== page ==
"This brings more people together to think about the issue and generate ideas. Also, it's got people talking to each other, rather than talking through the Forest Service. That's exactly what we were looking for," she added.

Many ideas were suggested during the workshop, and there seemed to be a lot of overlap between the user groups' suggestions.

Split-season allocation — also known as timesharing — was discussed. This plan is utilized in the Resurrection Pass area to separate activities perceived as incompatible and to spread out user groups over time to reduce congestion.

However, in regard to the Carter-Crescent area, this was not as favored an idea as providing additional access opportunities.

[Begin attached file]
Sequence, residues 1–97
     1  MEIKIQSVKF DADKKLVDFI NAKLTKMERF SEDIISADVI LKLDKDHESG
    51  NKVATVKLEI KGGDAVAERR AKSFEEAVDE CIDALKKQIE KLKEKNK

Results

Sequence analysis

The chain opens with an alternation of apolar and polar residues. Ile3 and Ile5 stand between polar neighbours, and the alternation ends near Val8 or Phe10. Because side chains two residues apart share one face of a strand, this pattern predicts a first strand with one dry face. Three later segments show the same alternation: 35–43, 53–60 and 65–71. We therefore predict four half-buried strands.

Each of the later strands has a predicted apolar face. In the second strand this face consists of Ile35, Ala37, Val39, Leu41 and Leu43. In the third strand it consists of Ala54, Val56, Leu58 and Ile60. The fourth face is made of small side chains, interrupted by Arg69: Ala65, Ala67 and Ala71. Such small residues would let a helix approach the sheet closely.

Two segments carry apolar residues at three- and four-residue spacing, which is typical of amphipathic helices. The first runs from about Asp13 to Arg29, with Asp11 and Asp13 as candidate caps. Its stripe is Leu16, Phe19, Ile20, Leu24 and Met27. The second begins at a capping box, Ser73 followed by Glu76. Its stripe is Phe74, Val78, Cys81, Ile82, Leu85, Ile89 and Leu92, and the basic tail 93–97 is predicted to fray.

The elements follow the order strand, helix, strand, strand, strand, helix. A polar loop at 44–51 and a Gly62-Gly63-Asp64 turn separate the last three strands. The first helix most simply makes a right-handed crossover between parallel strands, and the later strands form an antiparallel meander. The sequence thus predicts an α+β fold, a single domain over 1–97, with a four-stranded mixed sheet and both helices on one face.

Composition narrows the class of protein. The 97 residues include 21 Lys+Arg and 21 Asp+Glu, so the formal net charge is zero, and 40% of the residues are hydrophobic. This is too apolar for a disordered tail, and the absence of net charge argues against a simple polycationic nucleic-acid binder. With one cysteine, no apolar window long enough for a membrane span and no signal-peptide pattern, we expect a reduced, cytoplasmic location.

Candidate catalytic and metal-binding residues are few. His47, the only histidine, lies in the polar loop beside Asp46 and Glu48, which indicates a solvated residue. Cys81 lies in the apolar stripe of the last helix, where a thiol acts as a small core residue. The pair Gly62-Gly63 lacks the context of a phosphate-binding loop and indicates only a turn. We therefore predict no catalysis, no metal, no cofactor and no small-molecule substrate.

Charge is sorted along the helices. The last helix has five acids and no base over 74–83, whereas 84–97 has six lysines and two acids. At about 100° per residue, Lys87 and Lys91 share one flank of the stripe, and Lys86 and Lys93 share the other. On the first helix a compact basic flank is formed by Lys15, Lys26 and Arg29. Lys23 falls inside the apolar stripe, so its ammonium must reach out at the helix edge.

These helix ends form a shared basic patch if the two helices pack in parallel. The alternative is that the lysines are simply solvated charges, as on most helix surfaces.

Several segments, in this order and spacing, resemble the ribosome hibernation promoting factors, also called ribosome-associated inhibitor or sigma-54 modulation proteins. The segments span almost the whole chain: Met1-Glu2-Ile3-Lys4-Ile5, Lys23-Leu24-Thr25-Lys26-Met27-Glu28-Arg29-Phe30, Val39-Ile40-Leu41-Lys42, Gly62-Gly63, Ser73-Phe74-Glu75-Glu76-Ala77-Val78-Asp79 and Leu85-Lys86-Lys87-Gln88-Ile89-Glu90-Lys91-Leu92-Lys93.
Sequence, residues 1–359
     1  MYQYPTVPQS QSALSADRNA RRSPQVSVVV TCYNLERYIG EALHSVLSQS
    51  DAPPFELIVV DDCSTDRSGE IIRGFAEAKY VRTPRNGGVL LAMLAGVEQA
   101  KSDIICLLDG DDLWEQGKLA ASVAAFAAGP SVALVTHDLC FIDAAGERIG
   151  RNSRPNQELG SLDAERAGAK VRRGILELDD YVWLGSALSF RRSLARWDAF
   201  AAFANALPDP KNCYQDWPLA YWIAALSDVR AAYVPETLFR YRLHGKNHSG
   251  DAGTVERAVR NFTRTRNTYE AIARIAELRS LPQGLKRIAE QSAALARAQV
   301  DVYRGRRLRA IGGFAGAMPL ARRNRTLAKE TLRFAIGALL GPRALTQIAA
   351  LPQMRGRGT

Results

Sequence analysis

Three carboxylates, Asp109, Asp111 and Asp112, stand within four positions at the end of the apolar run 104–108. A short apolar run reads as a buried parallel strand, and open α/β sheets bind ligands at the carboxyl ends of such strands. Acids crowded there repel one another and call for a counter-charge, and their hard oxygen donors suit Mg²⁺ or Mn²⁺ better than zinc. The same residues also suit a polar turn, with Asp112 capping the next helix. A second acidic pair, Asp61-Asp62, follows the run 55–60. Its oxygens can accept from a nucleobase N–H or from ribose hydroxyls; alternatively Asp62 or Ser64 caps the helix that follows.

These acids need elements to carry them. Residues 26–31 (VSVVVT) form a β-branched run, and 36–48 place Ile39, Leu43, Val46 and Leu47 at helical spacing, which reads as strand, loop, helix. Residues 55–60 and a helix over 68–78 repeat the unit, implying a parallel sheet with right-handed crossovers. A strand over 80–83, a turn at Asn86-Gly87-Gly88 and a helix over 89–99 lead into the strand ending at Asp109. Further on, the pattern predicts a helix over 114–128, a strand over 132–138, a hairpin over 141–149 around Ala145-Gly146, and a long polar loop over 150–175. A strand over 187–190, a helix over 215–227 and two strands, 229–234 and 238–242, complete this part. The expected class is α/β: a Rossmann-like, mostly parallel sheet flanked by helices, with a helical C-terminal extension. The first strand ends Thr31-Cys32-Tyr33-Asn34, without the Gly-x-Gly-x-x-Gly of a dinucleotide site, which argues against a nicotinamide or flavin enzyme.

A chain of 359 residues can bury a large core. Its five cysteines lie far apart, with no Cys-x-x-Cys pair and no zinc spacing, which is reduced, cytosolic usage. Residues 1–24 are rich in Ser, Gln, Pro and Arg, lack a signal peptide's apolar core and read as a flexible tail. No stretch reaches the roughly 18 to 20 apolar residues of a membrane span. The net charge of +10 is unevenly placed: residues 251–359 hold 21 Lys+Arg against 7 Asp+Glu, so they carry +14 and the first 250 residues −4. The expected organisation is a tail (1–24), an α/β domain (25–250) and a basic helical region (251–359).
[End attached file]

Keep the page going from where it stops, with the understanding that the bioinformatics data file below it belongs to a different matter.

Both user groups seemed supportive of reopening the area to all user groups, including motorized users, and creating an alternate trail that would be designated for non-motorized users only.

Creating alternate access trails, or if two already exist, designating one for each user group, was also suggested for the Lost Lake and Resurrection Pass areas.

"Wherever we can separate trails, we should," said motorized user group participant Rollin Braden of Funny River.

Other ideas for additional access to existing areas included creating a parking lot at the end of Snug Harbor Road; utilizing the parking area at the end of Exit Glacier Road; opening a corridor to Lower Russian Lake for all user groups, but designating the area to Upper Russian Lake non-motorized; and opening trails to Grayling and Meridian Lakes for all users groups.